Congratulations on your
election as a U. S.
Senator, a new member of the 113th Congress! As you will soon
discover, the work of the Senate takes place in political parties, in committees,
as well as in the Senate as a whole. You will operate, therefore,
not only as a Senator from the state of your choice during Senate meetings, but
you will also serve as a political party member and a member of committees.
Your goals in this simulation are as follows:
The Senate of the United States likes to consider itself a great deliberative body of statesmen. To that end, it operates under a set of written rules, i.e. parliamentary procedure, and unwritten rules of senatorial behavior. In your interactions with fellow senators you should follow these rules.
The Senate operates on the basis of seniority and majority rule. The majority party, the party with the most senators, runs the Senate. The president pro tempore, usually the most senior senator of the majority party, is largely ceremonial. The real power rests in the Majority Leader and Minority Leader who are elected by party caucus. The core of Congress is the committee system. Committee chairmanships are controlled by the majority party, and the majority party seats the most members on each committee, as well. Committee chairs are awarded on a seniority basis, to the senator with the longest continuous service on the committee. While the minority party elects its own leaders, it is the majority party's leaders, i.e., the Majority Party Leader and the committee chairpersons, who run the day-to-day business of the Senate and have final say on what happens and when it happens. This system of seniority won’t be simulated, however, since you are all brand new senators. Remember that in reality only one-third of the Senate is elected every two years. You will be electing your own party’s leaders for this simulation.
The key to senatorial effectiveness is collegiality. In order to be an effective senator, you must be trusted. Collegiality is expected, and all senators speak to each other in friendly respectful language. Debate in the Senate is formal. Opponents are always referred to in a formal way, for example, "my distinguished colleague the Senator from _____", or "my dear friend from the great state of _____", or "the gentleman or gentle lady from ______". There is a reason for this seemingly stilted and formal language: today's opponents may be tomorrow's allies. Senators do not get personal during debate; they discuss and debate issues, not personalities. So, be tough on the issues, but be respectful with each other.
The Senate operates slowly, under the influence of its written and unwritten rules. In part, these rules protect the minority from the majority, as well as to limit the business that the Senate can accomplish. For example, no voting is allowed until ALL debate is finished. Debate itself can be unlimited (filibuster), ended only by a petition of at least 60 senators (cloture). Obviously this can be used as a tactic delay a vote or to prevent it from occurring.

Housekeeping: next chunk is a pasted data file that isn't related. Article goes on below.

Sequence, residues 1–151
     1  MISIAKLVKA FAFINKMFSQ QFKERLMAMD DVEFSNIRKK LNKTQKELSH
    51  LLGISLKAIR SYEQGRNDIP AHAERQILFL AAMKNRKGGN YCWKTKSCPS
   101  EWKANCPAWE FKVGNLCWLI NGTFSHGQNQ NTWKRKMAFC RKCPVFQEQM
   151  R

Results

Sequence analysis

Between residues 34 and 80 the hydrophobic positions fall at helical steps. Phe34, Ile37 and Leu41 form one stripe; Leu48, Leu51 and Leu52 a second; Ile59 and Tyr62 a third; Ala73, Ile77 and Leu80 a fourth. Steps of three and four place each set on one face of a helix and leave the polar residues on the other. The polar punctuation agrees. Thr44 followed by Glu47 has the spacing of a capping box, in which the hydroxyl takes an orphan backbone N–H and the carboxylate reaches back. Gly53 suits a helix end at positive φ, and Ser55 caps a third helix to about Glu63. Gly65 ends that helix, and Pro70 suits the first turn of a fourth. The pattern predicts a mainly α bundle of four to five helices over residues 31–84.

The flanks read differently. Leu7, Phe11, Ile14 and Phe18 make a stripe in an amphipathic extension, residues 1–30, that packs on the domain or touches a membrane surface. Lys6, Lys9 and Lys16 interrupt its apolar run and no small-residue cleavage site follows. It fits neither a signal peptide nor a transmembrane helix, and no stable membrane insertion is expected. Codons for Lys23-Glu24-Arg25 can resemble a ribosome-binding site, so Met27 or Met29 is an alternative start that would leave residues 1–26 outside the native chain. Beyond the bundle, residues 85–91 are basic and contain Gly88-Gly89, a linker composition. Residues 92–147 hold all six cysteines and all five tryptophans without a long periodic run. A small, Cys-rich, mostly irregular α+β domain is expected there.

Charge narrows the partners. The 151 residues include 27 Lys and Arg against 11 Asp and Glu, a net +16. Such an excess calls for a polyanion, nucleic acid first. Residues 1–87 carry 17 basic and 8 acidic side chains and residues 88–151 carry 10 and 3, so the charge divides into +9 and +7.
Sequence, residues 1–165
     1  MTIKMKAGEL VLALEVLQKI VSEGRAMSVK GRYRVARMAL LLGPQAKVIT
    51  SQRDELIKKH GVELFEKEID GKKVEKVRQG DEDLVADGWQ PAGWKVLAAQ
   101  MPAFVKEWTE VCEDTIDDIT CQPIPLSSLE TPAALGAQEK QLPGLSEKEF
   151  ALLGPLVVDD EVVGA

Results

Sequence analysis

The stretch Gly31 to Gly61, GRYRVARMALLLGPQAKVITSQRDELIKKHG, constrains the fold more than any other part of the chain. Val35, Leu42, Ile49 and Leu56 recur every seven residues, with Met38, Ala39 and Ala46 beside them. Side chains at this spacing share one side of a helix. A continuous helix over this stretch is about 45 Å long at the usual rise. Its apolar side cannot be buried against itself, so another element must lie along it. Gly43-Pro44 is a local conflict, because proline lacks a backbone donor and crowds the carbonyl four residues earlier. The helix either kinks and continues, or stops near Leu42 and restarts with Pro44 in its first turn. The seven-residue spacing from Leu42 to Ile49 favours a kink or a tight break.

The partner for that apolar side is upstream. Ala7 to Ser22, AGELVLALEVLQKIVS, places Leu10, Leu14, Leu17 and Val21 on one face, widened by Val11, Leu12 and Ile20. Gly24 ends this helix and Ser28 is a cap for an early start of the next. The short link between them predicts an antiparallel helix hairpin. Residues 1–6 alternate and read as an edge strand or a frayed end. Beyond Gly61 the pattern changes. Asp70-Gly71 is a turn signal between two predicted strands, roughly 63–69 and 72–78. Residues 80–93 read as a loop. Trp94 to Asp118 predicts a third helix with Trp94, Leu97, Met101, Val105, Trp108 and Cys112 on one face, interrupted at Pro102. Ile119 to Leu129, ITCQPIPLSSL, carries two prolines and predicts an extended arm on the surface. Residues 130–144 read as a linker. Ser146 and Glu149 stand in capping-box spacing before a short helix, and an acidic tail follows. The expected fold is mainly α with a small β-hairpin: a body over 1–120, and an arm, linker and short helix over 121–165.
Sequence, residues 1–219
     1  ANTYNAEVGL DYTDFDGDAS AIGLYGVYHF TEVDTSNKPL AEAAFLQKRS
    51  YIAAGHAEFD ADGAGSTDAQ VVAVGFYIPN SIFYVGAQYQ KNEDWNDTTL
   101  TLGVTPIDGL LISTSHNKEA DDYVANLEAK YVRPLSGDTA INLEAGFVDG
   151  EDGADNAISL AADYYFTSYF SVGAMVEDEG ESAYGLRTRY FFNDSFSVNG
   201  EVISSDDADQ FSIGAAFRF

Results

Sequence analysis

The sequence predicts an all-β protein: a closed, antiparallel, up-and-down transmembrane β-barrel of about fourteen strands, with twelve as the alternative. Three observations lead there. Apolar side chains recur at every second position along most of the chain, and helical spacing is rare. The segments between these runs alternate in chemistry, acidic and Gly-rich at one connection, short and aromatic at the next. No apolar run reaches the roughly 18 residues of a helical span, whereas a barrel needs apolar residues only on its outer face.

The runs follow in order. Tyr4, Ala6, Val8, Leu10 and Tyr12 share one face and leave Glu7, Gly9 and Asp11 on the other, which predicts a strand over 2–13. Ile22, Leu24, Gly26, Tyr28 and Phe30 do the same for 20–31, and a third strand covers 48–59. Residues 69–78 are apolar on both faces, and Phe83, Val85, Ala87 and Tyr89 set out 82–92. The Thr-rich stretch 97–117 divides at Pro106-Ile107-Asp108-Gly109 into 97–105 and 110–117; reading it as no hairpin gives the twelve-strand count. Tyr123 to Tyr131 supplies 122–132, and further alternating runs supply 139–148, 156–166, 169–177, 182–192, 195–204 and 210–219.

Your assignments for this simulation include:
You will be:
During the first stage of the simulation you must:
o Research your state, its strengths and its challenges (State Data Assignment)
o Decide what legislation you could propose which will help your state
o Design a mini-poster (8½ x 11) which you used in your most recent campaign
o Write and deliver your first speech to the Senate which will:
Identify some of the major needs of your state
Reveal your interest in your national issue
Be 2 - 3 minutes in duration
Bring three (3) typed, double-spaced copies of your speech, one “for the record” (the Congressional Record), one for the president pro tempore (me), and one for yourself.
Once you have been assigned your national issue and have done some research on this topic, you need to draft the bill. The template for bill summaries is on our Civics website.
Advocacy Speeches (2)
You will deliver one speech on behalf of the legislation you have proposed to the committee to which your legislation has been assigned. If your bill passes out of committee you will deliver a revised speech to the Senate.
o Summarize the issue that your bill addresses
o Explain how your bill would work
o Convince other senators to vote for your bill
o 3-5 minutes in duration
o Bring three (3) typed, double-spaced copies of your speech, one “for the record” (the Congressional Record), one for the president pro tempore (me), and one for yourself.
o Refer to Government Speech Rubric for guidance
You will deliver one speech in opposition to a colleague’s bill to the full Senate.
General Party Activities:
o Choose party leaders and committee chairpersons
o Discussions on which bills to support or not support
o Monitor support of colleagues in committees and full House
o Develop strategies to ensure passage of your own and your party’s bills
Specific committee work:
o Discuss bills on agenda
o Mark-up bills
o Vote on bills in committee
o Provide approved bills to Majority Leader
During the simulation, you will be required to take notes on your colleagues’ speeches. Using you notes, you will write a one-page news article about what transpired in the “U.S. Senate” during one of the days of the simulation. This time, you will write as a congressional reporter for one of the following newspapers:
Ø The Washington Post
Ø The Hill
Ø The Washington Times
Your article should be formatted like a real newspaper article and include at least two senators’ quotes. You may need to interview a senator for their reactions or to ensure accuracy of the quote.